A GOP Freshman's First Weeks
SCOTT SIMON, host:
Congressman Bill Huizenga, Michigans 2nd Congressional District, calls himself a fiscal and social conservative who is one of those Republican freshmen who joined Democrats in voting to strip feature funding for the new fighter jet engine, a program that had been backed Speaker John Boehner.
Representative BILL HUIZENGA (Republican, Michigan): It was a difficult vote. Frankly, I have a facility in my district that supplies parts. Its a GE facility. It supplies parts in for that potential engine. And knowing that it could potentially, you know, impact my district, I needed to step beyond that and do what I felt was the right thing.
SIMON: What was it like to cast one of your first really well-publicized votes and go against the leader of your party, the Speaker of the House, John Boehner?
Rep. HUIZENGA: Yeah, you know, he has been very good about allowing people to go do what they think is the right thing. I would highly suspect he didn't think I made the right choice. But, well, I'm a fiscal and social conservative. I mean that's who I am. I'm not here to just, you know, to just show up and follow a party line.
SIMON: And where else do you take a look at this budget and see where cuts ought to be made?
Rep. HUIZENGA: My general philosophy as we've been going through this process, if it is not impacting troops ability on the ground to keep themselves or us safe, and it actually is a reduction of some sort, I have been voting for it. In a way, it was sort of good, I think, that it was Defense cuts first. You know, that sort of shuts down the whole argument of well, you know, youre going to cut everything but, you know, those sort of quote/unquote, traditional Republican programs.
We have a $1.3 trillion deficit for the year. We haven't solved it and were not going to solve it with one vote or in this year. What has to happen is we have to have a fundamental change in the trajectory of spending in Washington. That's going to take time. Were on a battleship. Were not on a Boston Whaler.
You know, it's going to take some time to turn the wheel and to see that ship of state nose around. Now, I think we need some very demonstrable benchmarks of progress; where are we going? And we need to be able to point those out and we have to make the case. We have to make the case with the American people.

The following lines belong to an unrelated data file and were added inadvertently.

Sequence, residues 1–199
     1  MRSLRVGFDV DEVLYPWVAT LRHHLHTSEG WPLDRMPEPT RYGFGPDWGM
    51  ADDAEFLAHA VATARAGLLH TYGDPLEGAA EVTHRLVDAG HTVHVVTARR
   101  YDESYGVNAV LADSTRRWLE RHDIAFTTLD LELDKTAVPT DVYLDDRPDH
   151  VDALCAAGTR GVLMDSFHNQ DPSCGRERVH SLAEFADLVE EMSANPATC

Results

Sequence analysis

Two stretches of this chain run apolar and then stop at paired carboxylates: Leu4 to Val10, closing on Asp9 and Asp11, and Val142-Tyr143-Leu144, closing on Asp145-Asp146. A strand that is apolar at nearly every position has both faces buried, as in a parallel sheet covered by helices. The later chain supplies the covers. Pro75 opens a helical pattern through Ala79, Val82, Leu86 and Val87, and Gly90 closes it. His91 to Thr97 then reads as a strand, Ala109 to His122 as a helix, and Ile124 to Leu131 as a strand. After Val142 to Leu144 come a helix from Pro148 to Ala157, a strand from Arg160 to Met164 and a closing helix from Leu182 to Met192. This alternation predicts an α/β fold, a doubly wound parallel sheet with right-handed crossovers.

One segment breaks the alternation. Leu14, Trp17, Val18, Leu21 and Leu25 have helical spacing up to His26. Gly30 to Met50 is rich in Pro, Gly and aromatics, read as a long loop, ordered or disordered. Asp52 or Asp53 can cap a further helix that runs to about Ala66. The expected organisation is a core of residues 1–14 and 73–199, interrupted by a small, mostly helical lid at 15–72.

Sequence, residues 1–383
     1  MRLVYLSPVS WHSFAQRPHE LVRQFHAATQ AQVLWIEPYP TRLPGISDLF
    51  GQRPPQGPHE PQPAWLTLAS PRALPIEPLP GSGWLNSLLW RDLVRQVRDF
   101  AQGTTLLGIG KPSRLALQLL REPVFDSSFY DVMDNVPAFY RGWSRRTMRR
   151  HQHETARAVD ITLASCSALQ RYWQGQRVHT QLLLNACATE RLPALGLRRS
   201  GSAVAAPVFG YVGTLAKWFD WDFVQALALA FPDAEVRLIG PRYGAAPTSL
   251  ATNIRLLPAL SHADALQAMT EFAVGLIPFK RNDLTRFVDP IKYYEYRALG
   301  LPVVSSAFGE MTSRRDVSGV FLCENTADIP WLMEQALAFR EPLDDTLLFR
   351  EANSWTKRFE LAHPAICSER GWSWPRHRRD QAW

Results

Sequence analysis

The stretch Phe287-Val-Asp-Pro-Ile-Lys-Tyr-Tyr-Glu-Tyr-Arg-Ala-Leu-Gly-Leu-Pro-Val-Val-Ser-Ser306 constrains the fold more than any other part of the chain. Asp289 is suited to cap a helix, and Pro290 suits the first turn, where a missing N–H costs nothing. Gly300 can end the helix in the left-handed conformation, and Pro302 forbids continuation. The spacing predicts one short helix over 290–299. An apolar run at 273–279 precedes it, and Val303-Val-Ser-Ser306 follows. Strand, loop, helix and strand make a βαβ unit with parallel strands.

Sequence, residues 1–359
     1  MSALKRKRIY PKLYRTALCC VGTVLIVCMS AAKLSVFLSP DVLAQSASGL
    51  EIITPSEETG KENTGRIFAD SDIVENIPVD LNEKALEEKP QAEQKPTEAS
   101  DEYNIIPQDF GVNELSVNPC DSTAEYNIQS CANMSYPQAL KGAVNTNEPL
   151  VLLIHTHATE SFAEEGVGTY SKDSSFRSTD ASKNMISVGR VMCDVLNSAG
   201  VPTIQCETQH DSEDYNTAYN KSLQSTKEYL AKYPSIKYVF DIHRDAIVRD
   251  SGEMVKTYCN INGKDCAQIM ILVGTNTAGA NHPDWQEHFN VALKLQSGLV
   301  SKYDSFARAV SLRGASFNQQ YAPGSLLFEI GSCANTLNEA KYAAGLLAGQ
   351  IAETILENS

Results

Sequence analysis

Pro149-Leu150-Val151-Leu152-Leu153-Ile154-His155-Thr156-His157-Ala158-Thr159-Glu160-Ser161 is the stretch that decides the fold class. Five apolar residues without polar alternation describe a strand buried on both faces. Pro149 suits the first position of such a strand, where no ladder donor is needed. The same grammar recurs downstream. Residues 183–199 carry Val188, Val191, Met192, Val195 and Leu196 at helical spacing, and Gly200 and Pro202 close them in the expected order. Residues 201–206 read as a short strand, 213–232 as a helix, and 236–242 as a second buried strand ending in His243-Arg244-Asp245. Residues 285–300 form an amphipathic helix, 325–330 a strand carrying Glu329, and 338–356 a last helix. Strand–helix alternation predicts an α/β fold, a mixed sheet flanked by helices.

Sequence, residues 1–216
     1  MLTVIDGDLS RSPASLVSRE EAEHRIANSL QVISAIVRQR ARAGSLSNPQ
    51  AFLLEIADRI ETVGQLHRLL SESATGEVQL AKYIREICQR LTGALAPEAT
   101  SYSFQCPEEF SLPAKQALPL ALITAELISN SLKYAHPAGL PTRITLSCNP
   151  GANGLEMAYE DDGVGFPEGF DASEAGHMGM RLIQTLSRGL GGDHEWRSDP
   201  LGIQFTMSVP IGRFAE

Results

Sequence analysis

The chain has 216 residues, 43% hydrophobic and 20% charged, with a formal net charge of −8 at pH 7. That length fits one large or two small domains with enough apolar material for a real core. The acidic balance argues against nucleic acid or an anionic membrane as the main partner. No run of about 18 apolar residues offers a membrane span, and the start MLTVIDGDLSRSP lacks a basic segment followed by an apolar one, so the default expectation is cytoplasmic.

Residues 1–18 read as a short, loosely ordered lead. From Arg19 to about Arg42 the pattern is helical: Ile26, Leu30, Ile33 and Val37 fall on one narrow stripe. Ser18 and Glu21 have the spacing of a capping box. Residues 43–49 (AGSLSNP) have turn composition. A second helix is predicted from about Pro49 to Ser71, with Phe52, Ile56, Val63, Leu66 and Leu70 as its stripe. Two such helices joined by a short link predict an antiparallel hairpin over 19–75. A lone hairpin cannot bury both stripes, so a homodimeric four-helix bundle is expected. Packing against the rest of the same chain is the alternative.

SIMON: Youre one of those representatives who will dine in your office three nights a week, right.
Rep. HUIZENGA: Yeah. Yup. Yup, I am. Yup. Yeah.
SIMON: Yeah. Why?
Rep. HUIZENGA: Well, a couple, you know, there's a practical and then theres also the symbolic. And I'm following a gentleman, Pete Hoekstra, who very famously slept on his couch for 18 years when he was out here. And this is the God's honest truth. The three most commonly asked questions when I was out on the campaign trail: One, what are you going to do about health care? Two, what are you going to do about the deficit? Three, are you going to sleep on your couch like Pete did?
So back home, theres in many ways an expectation out of them that I'm going to live frugally, you know, and they want to see that in my own personal life. Guess what? I've discovered that that makes them much more comfortable when they hand their dollars over to us to go spend it and, you know, that - so there is that symbolic element, so.
SIMON: So youre in Washington how many days a week, generally?
Rep. HUIZENGA: Yeah. We're usually here four and a couple weeks well be here three, and a couple of weeks we might be here five. That means two evenings or three evenings practically a week. So but, you know, what I was starting to say is, you know, the practical element is, you know, I've got to pack it every night that I'm required...
(Soundbite of laughter)
Rep. HUIZENGA: ...requested to go through, you know, whether it's reading, sending letters, you know, memos that I need to get back, co-sponsorship of bills. So I usually get back to the office somewhere between 10 and 11 and put in an hour or an hour and a half of work and then I'm up and usually out of here by 6, 6:15.
SIMON: Heres a question I want to raise about the workday or the work week that you describe. The whole idea of representative democracy is that you are supposed to come here from Michigan and you're supposed to meet people from all over the country, and you're supposed to talk with each other and treat with each other, and exchange ideas and maybe change your mind. When you just spent three days a week at the Capitol, if you're sleeping in the office, are you -with your life so anchored to your district, are you fulfilling what representative democracy is supposed to be, which is making yourself open to changing your ideas?
Rep. HUIZENGA: Oh, absolutely.
SIMON: Working with others?
Rep. HUIZENGA: Yeah, sure. I dont see that being a conflict at all. I really don't. You know, it's more about attitude than geography, frankly. It's about whether youre going to be able to go in and work with people who you may or may not agree with and regardless of party affiliation. You know, and again, when I'm here, I'm working my tail off. You know, I've got my attention on Washington. When I'm back home, I still have my attention on two things: My district and my family.
So theres no pure way of doing this. And again, I think it's a very personal decision for people. It works great for some people who move their families out here. It works great for some people who decide to commute. I think it is more important, what are you doing between 6AM and midnight to make sure that youre achieving those goals that you're talking about.
SIMON: Bill Huizenga represents Michigan's 2nd Congressional District. Thanks very much for letting us into your office.
Rep. HUIZENGA: Well, I appreciate that and you are welcome back any time.
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